The University of the District of Columbia (UDC) television studios, UDCtv, provides the Washington, DC area with programming geared to foster health, political and environmental awareness. Dr. Katherine Marshall Woods hosts this UDCtv show entitled “A Healthy Mind” featuring guests from a myriad of professions lending information to promote healthy living and lifestyles. Entries entitled: “A Healthy Mind” share these interviews.
On August 17th, 2020, Mike Powell, was invited onto the show to discuss the nature of resilience. A dynamic speaker and trainer, Mike draws upon the lessons learned from his unique life experiences to help individuals, teams and organizations improve their performance and achieve success. With over 20 years of experience, Mike has delivered keynote speeches, facilitated engaging workshops and led large scale consulting initiatives for organizations across the country. He is the co-founder of The Lifting As We Climb, a non-profit organization that supports the development of youth in communities across the country. He currently serves on the board of the Training Officers Consortium of Washington, DC.
Dr. Marshall Woods: “Hello, my name is Dr. Katherine Marshall Woods, your host for A Healthy Mind. The purpose of this show is to inform and educate the public regarding mental health, from emotional disorders to social political events that affect healthy minds.”
“The ability to recover quickly from difficulties and adversities is considered resilience. What influences some to spring back and be able to move forward despite being faced with significant challenges? How does one become more resilient?”
“Today, we have Mr. Mike Powell, a leadership consultant, business coach and VP of The Powell Consulting Group. Welcome Mr. Mike Powell. Welcome to the show.”
Mike Powell: “Good Evening Dr. Marshall Woods. Thank you, thank you. I’m looking forward to the conversation. How are you doing?”
Dr. Marshall Woods: “I’m well, thank you. And, I’m hoping you are staying safe and healthy during this pandemic.”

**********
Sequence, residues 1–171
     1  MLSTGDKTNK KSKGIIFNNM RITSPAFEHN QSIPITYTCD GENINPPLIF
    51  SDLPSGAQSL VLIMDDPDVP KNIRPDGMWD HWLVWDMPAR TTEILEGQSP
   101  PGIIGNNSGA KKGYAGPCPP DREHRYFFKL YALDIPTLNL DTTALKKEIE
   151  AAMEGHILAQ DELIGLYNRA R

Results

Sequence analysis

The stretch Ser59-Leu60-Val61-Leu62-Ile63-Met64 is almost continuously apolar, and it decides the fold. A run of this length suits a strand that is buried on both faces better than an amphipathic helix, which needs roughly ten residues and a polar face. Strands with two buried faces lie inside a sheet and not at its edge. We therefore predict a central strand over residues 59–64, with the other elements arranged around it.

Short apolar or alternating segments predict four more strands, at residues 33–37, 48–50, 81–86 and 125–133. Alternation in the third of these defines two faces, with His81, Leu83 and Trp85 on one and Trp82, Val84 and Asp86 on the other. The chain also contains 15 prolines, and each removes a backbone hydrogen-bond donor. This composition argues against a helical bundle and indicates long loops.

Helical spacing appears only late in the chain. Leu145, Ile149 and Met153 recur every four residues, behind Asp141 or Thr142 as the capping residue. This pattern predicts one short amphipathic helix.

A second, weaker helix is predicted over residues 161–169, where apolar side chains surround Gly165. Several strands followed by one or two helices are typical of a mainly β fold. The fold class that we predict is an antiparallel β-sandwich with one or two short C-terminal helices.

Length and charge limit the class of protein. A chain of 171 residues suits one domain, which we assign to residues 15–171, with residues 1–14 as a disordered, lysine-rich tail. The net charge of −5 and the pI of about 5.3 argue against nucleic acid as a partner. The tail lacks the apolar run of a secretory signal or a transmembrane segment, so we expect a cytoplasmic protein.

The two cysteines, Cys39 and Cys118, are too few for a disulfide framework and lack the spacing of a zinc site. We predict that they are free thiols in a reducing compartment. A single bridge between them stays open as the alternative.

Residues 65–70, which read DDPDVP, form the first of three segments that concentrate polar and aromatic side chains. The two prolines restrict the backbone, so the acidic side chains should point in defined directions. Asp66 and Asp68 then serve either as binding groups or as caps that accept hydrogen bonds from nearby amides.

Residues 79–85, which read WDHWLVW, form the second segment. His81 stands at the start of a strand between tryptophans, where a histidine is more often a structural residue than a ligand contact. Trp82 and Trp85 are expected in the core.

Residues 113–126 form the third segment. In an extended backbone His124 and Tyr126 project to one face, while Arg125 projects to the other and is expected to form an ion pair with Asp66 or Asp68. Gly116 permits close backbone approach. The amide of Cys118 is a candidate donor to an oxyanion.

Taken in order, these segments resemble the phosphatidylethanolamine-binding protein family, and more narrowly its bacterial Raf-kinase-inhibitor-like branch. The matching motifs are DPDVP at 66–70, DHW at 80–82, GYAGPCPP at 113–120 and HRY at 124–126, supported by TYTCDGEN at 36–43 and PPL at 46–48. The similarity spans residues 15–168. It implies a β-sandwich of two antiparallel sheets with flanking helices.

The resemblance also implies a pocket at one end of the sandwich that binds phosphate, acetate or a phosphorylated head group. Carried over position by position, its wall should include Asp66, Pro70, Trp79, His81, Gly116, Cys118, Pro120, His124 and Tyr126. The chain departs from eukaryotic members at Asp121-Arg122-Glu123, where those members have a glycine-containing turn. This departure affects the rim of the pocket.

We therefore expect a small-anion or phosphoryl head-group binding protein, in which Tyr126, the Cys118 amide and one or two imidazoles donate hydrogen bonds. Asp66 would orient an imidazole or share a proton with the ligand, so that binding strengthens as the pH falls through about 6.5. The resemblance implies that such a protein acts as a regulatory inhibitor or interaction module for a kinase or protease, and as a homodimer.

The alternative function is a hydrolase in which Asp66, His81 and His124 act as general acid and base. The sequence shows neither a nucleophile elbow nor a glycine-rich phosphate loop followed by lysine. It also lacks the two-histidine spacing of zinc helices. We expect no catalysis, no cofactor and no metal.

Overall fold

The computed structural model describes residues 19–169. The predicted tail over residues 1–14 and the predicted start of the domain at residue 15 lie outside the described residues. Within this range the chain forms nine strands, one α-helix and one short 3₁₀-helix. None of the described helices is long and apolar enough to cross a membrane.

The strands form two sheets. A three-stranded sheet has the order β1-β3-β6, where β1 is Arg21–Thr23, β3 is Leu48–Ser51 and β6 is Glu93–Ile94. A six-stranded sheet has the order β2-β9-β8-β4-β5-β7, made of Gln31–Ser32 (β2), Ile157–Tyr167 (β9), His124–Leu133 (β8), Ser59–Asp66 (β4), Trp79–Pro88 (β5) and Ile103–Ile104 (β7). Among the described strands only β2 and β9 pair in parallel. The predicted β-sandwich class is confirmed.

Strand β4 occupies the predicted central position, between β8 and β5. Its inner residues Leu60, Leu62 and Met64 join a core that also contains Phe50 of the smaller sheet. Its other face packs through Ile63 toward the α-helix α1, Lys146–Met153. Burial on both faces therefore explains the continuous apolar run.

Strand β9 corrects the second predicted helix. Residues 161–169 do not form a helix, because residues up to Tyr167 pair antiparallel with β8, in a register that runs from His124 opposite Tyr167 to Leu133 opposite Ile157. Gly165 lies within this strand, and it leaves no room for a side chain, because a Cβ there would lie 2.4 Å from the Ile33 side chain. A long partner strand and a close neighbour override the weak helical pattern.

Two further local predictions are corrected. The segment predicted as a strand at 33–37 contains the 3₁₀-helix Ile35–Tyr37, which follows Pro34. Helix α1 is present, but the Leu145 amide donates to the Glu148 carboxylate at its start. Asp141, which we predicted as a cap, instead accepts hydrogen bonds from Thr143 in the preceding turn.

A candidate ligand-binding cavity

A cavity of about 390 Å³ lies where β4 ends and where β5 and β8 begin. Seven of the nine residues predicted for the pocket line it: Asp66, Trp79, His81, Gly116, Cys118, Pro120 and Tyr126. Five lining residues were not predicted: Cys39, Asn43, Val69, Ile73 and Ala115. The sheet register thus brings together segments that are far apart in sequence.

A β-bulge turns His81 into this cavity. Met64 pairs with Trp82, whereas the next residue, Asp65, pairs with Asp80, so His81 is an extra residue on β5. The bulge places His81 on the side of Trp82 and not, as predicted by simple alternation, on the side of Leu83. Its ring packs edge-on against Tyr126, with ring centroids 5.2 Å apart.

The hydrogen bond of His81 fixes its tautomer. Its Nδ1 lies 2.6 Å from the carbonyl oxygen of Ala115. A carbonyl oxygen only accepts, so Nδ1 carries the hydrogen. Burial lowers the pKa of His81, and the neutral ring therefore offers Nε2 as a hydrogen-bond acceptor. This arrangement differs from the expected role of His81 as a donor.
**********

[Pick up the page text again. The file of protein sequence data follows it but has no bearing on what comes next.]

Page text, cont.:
Mike Powell: “Yup, as best I can. You know, it’s still, still hard to get adjusted to not being able to do the things I’ve been doing so long that’s been a part of my routine; but, I’m hanging in there, I’m getting used to it, I like it a bit.
Dr. Marshall Woods: “(Laughs). Okay. Well, that’s always nice that people are adjusting and it sounds like being ‘resilient’ during this time, which is why we are here to talk today actually. So, tell us a little more about your consulting, let’s start there.”
Mike Powell: “Oh, boy. Umm, so, we have a family owned business. It’s The Powell Consulting Group, starting back in 1986. My dad when he retired from the army. He kinda decided that he wanted to hang his own shingle and do his own thing; and so, after he retired, he went into management consulting. Kinda competing with a lot of the big boys Booz Allens Hamilton’s, the Arthur Anderson and The Anderson’s Consulting’s and the Deloitte’s, um and was sole practitioner and held it down for, you know 20–25 years. Umm, and then within the past 11 years now, I came on board and a cousin of mine came on board, and we are starting to shift from that generation to our generation. But, we do executive coaching and leadership development and team building and all types of facilitations and workshops. And, so, I’ve been around this type of work all my life, though I’ve only been with company full time for maybe ten years, I’m sort of like a coach’s son…I’ve been around it all my life, always been on the field right, but kinda a different field.”
Dr. Marshall Woods: “Right, it sounds like a part of what you do is help people begin to think about how to become more resilient within their life whether it’s business or personally.”
Mike Powell: “Yeah, yeah. I think it’s important to really have those resilience skills both personally and professionally. Umm, you know, we spend so much time of our life dedicated to doing something around going to work, right. If you think about driving to work, getting up, getting ready to go to work, you know, sitting in traffic when you are driving to work; and then the seven, eight, nine, ten hours that you were spending in the office; and then coming back home and kinda having to decompress; you know we spend more than half of our waking hours, umm involved in doing something related to work. So, it’s important to make sure you are able to manage that. But, then, just because we work so much doesn’t mean that we stop being the people and individuals that we are; and so, there’s still a huge part of us that goes through life as an individual not just as a professional. So, all of the stresses that are a part of our professional lives kinda blend over into our personal lives and vice versa. And, now, because we are working from home from the pandemic, we don’t even know where those lines are anymore, so resiliency is so much more important for us now because we don’t have those little things to kinda calm us down, and get us back focused and get our balance back because we are still adjusting to this new environment that we are in.
To see the remaining interview with Mike Powell visit: https://www.youtube.com/watch?v=zKFvhQFrUBc&t=316s